Psalm 26

Psalm 26
The Separation of the Remnant from the Ungodly
Psalm 26. This is a Psalm of David, and the subject is the moral separation of the godly remnant from the wicked around them. In Psalm 25 the prayer was for deliverance from enemies, but Psalm 26 is less a prayer and more a confession of uprightness and integrity. There is a moral order to Psalms 25 and 26. The confession of sins by the remnant proceeds pleading their integrity.
A Psalm of David.
1 Judge me, O Jehovah, for I have walked in mine integrity, and I have confided in Jehovah: I shall not slip.
2 Prove me, Jehovah, and test me; try my reins and my heart:
3 For thy loving-kindness is before mine eyes, and I have walked in thy truth.
4 I have not sat with vain persons, neither have I gone in with dissemblers;
5 I have hated the congregation of evil-doers, and I have not sat with the wicked.
6 I will wash my hands in innocency, and will encompass thine altar, O Jehovah,
7 That I may cause the voice of thanksgiving to be heard, and declare all thy marvellous works.
8 Jehovah, I have loved the habitation of thy house, and the place where thy glory dwelleth.
9 Gather not my soul with sinners, nor my life with men of blood;
10 In whose hands are evil devices, and their right hand is full of bribes.
11 But as for me, I will walk in mine integrity. Redeem me, and be gracious unto me.
12 My foot standeth in an even place; in the congregations will I bless Jehovah.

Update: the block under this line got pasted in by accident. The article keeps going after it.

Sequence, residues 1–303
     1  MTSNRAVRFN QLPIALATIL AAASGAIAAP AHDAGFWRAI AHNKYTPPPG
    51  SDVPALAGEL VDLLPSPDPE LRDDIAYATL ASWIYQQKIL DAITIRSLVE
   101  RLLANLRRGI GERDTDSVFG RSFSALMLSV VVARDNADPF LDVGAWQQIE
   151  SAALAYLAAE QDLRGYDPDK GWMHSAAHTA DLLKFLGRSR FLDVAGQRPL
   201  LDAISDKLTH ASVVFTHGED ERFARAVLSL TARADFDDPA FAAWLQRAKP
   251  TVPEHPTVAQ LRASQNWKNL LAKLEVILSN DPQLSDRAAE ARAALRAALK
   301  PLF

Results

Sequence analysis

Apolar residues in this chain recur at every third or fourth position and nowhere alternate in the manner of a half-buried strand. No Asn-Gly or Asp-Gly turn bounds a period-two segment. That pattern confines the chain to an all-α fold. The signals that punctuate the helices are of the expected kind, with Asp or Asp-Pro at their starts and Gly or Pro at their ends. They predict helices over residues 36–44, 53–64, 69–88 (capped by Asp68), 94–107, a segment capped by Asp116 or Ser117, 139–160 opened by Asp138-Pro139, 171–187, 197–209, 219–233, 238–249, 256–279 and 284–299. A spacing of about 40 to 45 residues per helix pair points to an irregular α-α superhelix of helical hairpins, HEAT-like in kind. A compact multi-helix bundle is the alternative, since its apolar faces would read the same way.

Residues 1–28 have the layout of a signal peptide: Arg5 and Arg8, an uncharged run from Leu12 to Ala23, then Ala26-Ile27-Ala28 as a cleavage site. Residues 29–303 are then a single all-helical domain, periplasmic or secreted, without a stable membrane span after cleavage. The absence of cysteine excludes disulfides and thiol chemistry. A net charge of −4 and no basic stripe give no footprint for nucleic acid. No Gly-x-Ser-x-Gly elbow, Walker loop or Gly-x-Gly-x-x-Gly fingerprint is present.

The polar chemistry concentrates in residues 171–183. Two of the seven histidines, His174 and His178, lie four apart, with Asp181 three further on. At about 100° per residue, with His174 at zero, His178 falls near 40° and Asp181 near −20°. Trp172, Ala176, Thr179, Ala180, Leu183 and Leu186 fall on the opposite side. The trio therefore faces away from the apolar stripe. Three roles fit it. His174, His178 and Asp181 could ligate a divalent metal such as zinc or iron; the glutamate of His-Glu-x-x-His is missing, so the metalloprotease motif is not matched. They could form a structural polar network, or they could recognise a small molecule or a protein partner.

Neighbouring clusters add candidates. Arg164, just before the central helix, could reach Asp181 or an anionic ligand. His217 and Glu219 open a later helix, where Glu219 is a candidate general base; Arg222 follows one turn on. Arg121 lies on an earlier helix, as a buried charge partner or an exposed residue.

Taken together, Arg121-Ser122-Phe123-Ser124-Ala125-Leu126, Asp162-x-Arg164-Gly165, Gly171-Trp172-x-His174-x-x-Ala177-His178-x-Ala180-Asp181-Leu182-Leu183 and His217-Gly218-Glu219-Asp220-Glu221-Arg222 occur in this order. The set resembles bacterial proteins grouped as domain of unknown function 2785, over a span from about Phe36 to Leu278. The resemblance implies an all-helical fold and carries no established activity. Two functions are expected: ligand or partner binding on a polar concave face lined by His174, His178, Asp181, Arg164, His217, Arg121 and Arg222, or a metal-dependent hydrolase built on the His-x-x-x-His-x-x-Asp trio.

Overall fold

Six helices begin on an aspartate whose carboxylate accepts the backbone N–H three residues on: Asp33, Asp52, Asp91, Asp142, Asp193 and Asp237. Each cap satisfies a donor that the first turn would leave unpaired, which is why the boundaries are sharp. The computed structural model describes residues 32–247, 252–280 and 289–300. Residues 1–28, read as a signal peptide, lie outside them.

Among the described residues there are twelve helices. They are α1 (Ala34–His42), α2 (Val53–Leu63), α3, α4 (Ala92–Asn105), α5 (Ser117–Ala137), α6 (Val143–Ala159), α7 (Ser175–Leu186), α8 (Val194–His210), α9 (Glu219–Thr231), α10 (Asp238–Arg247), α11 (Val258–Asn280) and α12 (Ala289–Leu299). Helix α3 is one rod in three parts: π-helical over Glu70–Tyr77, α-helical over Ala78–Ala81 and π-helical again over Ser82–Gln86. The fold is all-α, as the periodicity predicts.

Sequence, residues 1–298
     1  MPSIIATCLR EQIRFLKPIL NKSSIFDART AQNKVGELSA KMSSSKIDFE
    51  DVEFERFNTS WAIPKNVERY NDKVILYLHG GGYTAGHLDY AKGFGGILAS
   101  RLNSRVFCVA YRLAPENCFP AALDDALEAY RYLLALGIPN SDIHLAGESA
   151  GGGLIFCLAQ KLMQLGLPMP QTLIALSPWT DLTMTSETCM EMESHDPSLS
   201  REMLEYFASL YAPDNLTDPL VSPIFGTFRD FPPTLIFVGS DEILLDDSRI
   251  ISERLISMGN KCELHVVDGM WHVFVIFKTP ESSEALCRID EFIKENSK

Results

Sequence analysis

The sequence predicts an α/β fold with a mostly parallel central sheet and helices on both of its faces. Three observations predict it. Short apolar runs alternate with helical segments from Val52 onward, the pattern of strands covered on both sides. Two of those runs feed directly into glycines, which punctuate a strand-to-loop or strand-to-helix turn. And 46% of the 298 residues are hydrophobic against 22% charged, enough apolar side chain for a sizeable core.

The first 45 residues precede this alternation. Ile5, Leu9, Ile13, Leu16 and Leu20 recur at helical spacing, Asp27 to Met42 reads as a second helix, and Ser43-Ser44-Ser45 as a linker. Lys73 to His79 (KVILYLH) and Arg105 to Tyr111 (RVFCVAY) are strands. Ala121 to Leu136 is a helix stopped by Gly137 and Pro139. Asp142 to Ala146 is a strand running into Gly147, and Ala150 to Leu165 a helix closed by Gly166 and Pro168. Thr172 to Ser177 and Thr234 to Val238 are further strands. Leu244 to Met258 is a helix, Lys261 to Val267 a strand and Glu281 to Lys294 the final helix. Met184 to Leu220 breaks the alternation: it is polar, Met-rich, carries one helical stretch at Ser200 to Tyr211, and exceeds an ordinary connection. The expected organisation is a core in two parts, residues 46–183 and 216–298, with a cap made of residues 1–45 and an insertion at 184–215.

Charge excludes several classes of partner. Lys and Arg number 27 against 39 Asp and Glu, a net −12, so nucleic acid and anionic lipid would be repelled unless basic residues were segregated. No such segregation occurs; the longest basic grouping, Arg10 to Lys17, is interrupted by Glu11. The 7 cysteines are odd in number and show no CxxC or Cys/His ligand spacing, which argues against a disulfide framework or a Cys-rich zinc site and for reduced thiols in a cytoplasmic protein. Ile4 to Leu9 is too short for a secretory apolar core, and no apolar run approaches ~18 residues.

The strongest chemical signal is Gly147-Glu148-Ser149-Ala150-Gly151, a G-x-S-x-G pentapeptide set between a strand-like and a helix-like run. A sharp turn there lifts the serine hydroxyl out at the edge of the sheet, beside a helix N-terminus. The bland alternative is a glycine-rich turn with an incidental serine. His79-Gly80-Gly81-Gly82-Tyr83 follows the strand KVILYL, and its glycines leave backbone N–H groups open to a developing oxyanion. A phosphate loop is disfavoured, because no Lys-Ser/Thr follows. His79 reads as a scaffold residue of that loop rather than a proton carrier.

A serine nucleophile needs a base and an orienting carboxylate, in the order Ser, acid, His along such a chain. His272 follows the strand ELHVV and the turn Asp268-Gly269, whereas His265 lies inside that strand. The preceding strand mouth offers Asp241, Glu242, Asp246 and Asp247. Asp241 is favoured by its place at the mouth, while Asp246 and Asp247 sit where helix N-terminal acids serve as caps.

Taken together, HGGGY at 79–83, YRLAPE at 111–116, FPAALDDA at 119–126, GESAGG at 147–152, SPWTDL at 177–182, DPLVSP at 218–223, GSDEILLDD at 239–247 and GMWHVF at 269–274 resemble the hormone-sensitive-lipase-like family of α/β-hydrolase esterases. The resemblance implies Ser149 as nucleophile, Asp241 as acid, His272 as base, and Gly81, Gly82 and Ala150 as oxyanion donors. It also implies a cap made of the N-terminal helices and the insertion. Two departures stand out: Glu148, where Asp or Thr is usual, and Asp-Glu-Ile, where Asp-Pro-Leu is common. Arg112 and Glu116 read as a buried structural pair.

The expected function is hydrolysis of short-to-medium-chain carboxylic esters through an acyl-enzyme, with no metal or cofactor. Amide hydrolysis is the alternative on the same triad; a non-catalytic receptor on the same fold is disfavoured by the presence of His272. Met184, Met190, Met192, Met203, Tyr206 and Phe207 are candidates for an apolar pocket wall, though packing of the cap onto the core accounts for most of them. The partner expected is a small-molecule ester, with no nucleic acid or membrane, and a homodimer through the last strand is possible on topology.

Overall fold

vv.1-12 The psalmist invites Jehovah to “judge”, (v.1), “prove”, and “try” (v.2) him, to see it there is any unrighteousness in him. In this, the remnant follow in the steps of the Messiah (Psa 17:3). The remnant recognize that the secret to maintaining moral uprightness is in confiding in Jehovah. In v.3 we have the positive motivation for separation; a sense of God’s grace. In vv.4-5 the remnant confess their moral separation from the wicked around them. Notice the progression from vanity to positive evil; “vain persons”, “dissemblers”, “the congregation of evil-doers”, finally “the wicked”. In v.6, the carefulness with regard to separation is now seen by the remnant as resulting in making them morally suitable to the presence of Jehovah; “I will wash my hands in innocency, and will encompass thine altar, O Jehovah”. Further, separation makes the faithful able to offer thanks to the Lord (v.7). In v.8, the remnant express their love for the habitation of God’s house, and a desire to remain there (this leads in to Psalm 27). Prophetically this places Psalm 26 in the first half of the prophetic week, as the Jews are still free at that time to worship in the temple. In vv.9-12 we have a summary of the desire of the faithful: on one hand to remain separate from “sinners” and “men of blood” (the apostate Jews), and but to be preserved from falling, so as to continue in integrity. In v.12 we find the reason the faithful can say “I shall not slip” (v.1)… it is because “My foot standeth in an even place”.
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